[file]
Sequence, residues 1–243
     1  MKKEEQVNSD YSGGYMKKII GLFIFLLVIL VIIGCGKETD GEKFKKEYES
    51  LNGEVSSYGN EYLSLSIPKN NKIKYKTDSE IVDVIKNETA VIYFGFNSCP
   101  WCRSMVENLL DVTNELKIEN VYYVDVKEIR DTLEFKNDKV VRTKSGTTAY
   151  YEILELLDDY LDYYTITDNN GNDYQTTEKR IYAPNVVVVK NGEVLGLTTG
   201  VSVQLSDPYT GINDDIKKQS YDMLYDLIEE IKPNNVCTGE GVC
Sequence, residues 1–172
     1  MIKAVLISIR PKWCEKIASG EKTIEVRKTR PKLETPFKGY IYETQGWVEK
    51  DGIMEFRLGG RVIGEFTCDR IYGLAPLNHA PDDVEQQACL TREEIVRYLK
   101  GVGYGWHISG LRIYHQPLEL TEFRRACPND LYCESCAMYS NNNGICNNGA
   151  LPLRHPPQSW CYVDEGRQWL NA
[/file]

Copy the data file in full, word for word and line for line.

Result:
Sequence, residues 1–243
     1  MKKEEQVNSD YSGGYMKKII GLFIFLLVIL VIIGCGKETD GEKFKKEYES
    51  LNGEVSSYGN EYLSLSIPKN NKIKYKTDSE IVDVIKNETA VIYFGFNSCP
   101  WCRSMVENLL DVTNELKIEN VYYVDVKEIR DTLEFKNDKV VRTKSGTTAY
   151  YEILELLDDY LDYYTITDNN GNDYQTTEKR IYAPNVVVVK NGEVLGLTTG
   201  VSVQLSDPYT GINDDIKKQS YDMLYDLIEE IKPNNVCTGE GVC
Sequence, residues 1–172
     1  MIKAVLISIR PKWCEKIASG EKTIEVRKTR PKLETPFKGY IYETQGWVEK
    51  DGIMEFRLGG RVIGEFTCDR IYGLAPLNHA PDDVEQQACL TREEIVRYLK
   101  GVGYGWHISG LRIYHQPLEL TEFRRACPND LYCESCAMYS NNNGICNNGA
   151  LPLRHPPQSW CYVDEGRQWL NA